Congress needs to clearly define vote-buying, after a bill has been filed that seeks to declare the election offense as a heinous crime, according to Commission on Elections (Comelec) chair George Garcia.
“For these proposed penalties against vote-buying to be effective, we should define it properly. We should enumerate the acts that will be considered as vote-buying in our current times,” the poll official, in a GMA News report, said.
“Our respected lawmakers should also think of other amendments [ to the bill ] besides the implementation of heavier penalties and punishment. It would be better if they were to point out the root of it all. What is the root of the problem? It would be better to concretize the true definition of vote buying,” he said.
Garcia also urged for the amendment of the 1985 Omnibus Election Code to which vote-buying penalties are still being imposed, as its definitions are not up-to-date with more contemporary methods of vote-buying.
“At the time, they cannot buy votes using online means and platforms and it is not considered as vote-buying yet. Therefore, the definition of vote-buying in our current law is no longer effective,” he said.
Garcia said by defining what vote-buying is, Congress “can address the loopholes of the existing law.”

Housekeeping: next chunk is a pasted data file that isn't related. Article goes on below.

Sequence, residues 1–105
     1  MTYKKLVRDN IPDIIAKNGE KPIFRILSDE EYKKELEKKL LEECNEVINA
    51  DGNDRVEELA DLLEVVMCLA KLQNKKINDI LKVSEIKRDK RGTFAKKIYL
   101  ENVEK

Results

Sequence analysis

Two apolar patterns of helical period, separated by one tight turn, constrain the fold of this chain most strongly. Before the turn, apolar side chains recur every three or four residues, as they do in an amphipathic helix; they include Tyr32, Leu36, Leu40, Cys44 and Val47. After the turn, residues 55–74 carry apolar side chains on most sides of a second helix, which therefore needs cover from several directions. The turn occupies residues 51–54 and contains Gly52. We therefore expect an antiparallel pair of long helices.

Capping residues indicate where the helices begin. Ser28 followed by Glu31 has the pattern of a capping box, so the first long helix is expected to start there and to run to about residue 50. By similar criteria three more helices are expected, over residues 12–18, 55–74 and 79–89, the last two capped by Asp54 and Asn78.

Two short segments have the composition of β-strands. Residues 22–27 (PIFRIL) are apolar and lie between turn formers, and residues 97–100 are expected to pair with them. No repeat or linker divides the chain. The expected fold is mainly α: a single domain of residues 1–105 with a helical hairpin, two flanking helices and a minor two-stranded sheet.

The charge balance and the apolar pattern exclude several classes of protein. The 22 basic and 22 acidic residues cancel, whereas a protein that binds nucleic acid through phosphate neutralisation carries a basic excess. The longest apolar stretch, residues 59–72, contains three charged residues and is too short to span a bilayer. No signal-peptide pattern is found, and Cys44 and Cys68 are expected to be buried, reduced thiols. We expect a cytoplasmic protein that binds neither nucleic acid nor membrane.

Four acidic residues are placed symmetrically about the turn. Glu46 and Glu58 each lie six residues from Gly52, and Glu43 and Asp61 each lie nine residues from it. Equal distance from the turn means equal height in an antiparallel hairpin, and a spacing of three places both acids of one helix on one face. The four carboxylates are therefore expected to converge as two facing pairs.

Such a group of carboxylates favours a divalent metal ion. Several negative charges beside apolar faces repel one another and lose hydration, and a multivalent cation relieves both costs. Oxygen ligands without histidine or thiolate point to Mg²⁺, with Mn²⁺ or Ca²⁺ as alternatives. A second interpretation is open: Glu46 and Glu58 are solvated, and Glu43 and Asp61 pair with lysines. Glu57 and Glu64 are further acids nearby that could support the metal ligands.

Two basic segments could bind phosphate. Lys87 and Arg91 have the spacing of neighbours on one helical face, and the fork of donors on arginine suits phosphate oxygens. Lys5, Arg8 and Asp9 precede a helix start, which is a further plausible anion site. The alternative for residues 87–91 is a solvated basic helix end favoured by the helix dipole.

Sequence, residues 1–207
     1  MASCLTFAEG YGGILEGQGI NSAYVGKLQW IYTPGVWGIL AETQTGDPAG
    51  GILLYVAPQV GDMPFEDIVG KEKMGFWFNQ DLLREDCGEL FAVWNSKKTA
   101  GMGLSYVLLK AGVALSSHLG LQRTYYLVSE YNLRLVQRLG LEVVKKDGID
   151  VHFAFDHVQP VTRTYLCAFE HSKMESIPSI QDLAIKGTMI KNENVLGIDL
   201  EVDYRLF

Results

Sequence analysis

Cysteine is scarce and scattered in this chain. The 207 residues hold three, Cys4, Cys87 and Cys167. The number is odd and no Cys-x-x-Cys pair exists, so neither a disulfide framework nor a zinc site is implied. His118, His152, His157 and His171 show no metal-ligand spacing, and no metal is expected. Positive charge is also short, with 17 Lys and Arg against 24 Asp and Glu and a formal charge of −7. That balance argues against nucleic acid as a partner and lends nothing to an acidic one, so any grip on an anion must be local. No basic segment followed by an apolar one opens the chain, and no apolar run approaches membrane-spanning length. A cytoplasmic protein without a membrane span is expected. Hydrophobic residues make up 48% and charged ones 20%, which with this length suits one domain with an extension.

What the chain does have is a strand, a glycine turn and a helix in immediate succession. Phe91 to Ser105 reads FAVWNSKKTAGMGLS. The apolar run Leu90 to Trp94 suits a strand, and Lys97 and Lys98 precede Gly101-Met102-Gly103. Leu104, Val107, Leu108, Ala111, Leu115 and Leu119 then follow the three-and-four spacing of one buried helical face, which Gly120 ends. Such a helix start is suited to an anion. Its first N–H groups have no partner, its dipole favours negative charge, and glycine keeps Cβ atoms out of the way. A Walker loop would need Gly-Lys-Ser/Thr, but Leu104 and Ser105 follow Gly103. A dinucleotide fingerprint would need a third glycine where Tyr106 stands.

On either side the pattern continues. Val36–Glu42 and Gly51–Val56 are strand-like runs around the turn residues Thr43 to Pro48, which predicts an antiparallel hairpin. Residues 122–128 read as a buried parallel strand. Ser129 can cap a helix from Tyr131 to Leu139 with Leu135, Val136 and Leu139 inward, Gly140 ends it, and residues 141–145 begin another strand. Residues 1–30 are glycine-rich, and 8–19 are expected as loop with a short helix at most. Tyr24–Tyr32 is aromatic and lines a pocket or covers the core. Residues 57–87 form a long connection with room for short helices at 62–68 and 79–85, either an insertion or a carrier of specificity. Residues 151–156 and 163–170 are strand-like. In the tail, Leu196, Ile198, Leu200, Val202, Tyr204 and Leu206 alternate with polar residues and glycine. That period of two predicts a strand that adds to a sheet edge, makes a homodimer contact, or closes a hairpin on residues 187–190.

Malasakit and Bayanihan Party-List Representative Anthony Golez has filed the said bill.
Under House Bill 1709, vote-buying is defined as giving and offering money or anything of value including the promise of employment in any office and granting of a private or public contract in exchange of votes during elections.
The proposed legislation states that candidates who are found guilty of giving or offering money, promising employment, and granting public or private contact in exchange for votes shall be imprisoned for 20 to 40 years, and fined not less than P5 million and perpetual disqualification from holding public office.People who will be exchanging their votes for money, or employment, with either public or private contracts will be imprisoned for one to six years, with a fine of not less than P 100,000 and perpetual disqualification from holding public office.
Golez, in his drafted bill, defined vote-buying as the “giving and offering money or anything of value, including the promise of employment in any office, and granting of a public or private contract, in exchange for votes during elections”. Chelsea Din